Some salves can help slow down keratin growth, although they can’t totally cure dog hyperkeratosis.

3. Use Booties and/or Socks

Because your dog’s feet may be sensitive, good footwear can help your dog be more comfortable.

So when taking your dog out, make sure their feet are protected so that they won’t come into contact with ice, cold snow, chemicals, or hot pavement.

While these are dangers to a dog's paws onto themselves, hyperkeratosis makes them even more hazardous.

Dogs with hyperkeratosis can burn their paw pads quicker or experience other paw pad injuries in heat or extreme cold.

Using dog shoes or socks with grips on the soles for your dog to wear outdoors or even around the house if you have cold floors like wood or tile floors will help.

4. Keep Dog's Nails Trimmed

When a dog has hyperkeratosis, it can be tough for pet owners to trim their nails without causing pain or injury.

But, trimming your dog’s nails regularly will keep your dog more comfortable.

If you're unsure about doing it yourself, then take the dog to a groomer or have your vet trim the dog's nails regularly to make it easier for your pup to walk without pain.

5. Let Your Dog Ride

If your dog likes to go for long walks outside, but the hyperkeratosis condition has progressed so far that it makes your pet's feet hurt after a short time, one option you have is a pet stroller.

It might seem silly to some dog owners, but a dog stroller will give your dog the fun of a walk or a run without hurting their feet.

This doesn't mean that your dog never walks again, but rather it's a solution for long walks outdoors.

Bring the stroller, let Fido walk or run with you until you notice that the dog is slowing down, limping, or acting like they're in pain, then get your pup into a stroller.

6. Give Your Dog a Sauna Experience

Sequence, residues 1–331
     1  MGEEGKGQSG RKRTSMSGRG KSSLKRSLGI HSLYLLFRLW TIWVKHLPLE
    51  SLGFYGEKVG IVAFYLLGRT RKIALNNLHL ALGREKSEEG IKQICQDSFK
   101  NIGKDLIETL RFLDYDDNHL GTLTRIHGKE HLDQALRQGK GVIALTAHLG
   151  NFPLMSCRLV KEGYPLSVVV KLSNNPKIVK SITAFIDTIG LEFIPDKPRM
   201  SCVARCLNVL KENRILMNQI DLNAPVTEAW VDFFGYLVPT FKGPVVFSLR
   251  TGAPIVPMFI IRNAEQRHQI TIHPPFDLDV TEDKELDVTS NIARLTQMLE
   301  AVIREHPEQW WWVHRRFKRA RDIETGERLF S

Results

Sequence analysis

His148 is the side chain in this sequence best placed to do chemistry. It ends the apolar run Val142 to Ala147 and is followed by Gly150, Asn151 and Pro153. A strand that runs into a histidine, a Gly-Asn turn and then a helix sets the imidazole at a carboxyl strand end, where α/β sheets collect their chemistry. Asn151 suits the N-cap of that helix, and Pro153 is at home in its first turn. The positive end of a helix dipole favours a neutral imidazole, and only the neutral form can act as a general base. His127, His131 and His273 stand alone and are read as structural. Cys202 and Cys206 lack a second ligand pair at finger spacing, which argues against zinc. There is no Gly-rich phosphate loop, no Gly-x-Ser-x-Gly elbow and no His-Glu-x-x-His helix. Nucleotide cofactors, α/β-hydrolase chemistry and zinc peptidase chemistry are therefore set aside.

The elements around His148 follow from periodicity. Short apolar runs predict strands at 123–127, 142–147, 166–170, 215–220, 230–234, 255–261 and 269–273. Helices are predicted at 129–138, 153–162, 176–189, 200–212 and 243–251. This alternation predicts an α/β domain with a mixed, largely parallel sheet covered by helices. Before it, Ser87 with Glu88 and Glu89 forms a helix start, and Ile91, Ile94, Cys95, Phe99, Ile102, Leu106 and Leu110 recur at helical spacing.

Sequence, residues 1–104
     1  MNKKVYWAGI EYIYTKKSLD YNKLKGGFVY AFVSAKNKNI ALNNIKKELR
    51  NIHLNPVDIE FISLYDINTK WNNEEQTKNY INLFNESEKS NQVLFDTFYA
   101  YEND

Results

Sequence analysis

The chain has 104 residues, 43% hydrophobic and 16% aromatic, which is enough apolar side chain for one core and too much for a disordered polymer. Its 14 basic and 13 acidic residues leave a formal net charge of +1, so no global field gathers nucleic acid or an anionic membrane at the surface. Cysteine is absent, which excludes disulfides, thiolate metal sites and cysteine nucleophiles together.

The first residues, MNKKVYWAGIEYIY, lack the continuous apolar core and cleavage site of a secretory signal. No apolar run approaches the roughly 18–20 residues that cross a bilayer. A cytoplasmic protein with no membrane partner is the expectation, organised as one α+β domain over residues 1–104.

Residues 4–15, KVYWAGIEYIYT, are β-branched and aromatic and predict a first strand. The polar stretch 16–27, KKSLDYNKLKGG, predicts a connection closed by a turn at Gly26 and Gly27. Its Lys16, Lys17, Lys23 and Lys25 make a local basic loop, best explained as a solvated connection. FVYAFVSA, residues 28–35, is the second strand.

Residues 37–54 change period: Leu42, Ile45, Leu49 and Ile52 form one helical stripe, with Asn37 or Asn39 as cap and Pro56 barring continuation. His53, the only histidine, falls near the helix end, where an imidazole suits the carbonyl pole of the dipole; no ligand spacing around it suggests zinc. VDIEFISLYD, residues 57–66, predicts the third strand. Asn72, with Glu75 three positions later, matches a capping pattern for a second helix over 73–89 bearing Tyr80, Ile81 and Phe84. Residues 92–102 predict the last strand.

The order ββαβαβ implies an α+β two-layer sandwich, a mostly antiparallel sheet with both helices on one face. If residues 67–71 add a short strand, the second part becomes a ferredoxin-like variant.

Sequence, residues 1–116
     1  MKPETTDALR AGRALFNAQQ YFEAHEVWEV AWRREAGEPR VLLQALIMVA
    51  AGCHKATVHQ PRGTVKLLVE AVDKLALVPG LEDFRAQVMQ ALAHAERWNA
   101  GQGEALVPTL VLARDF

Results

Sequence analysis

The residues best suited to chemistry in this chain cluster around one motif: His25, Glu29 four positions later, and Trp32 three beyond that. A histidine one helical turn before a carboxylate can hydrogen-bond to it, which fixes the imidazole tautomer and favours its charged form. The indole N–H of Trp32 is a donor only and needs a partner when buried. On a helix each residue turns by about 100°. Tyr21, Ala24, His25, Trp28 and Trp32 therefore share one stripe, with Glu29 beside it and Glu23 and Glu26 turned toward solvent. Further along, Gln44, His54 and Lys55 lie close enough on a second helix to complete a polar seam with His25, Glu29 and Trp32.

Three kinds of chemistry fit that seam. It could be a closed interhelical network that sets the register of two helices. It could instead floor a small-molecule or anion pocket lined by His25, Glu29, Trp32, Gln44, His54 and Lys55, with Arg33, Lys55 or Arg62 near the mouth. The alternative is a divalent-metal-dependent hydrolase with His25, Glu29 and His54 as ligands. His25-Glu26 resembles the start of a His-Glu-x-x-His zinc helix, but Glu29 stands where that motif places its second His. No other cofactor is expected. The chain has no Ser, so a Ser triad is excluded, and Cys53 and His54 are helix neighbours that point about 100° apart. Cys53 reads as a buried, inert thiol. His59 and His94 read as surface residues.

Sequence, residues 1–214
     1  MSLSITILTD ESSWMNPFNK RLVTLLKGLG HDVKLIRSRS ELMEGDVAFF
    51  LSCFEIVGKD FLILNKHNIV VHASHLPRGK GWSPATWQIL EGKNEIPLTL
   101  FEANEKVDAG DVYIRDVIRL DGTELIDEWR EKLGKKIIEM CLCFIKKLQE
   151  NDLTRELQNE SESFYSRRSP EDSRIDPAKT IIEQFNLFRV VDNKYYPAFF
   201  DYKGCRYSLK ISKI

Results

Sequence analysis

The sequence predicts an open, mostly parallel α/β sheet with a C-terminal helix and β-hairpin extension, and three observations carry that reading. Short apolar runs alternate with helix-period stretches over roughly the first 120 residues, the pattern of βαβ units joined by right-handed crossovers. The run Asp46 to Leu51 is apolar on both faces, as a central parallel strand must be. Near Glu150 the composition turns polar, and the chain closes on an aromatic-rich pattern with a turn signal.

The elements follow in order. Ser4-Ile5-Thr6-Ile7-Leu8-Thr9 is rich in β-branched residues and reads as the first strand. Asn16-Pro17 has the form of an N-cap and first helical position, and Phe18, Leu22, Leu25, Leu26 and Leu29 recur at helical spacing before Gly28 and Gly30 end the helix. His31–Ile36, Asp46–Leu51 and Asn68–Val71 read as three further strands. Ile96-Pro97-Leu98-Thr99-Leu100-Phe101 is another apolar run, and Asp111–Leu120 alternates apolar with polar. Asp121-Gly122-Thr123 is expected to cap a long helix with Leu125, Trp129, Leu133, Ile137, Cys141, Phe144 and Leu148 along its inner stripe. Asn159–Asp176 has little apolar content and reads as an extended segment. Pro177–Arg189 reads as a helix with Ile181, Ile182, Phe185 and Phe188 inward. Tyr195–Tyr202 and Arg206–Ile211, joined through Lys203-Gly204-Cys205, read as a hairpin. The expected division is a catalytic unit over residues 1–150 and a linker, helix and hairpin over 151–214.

To keep the dog's skin under the keratin soft and moist and to soften the ridges of keratin on your dog’s nose and paw pads, you can give your pooch some steam.

You cannot bring a dog into an actual sauna, but you can run the shower with the hot water on full blast until the bathroom is hot and steamy.

Don’t turn on the exhaust fan.

Then sit in the steamy bathroom with your pet and let that hot steam soften up the skin and the keratin.

Your dog will breathe better and be a lot more comfortable afterward.

Hyperkeratosis in dogs doesn’t mean your pet's life has to be miserable.

If you make sure that you take the dog to the vet often to remove those crusts and use some of these tricks above to make your dog more comfortable daily, your pup can still have a great life even with hyperkeratosis.

Bonus: Tips to Prevent Dog Paw Keratosis or Reduce the Severity

One of the most important things you can do for your dog's overall health is to take him for annual checkups. This will give your vet the chance to spot paw pad hyperkeratosis or any other potential issues.

If you live somewhere very hot or very cold, consider putting booties or socks on your dog. This will protect your dog's skin on his paws. By reducing irritation, you reduce the risk of health issues like hyperkeratosis.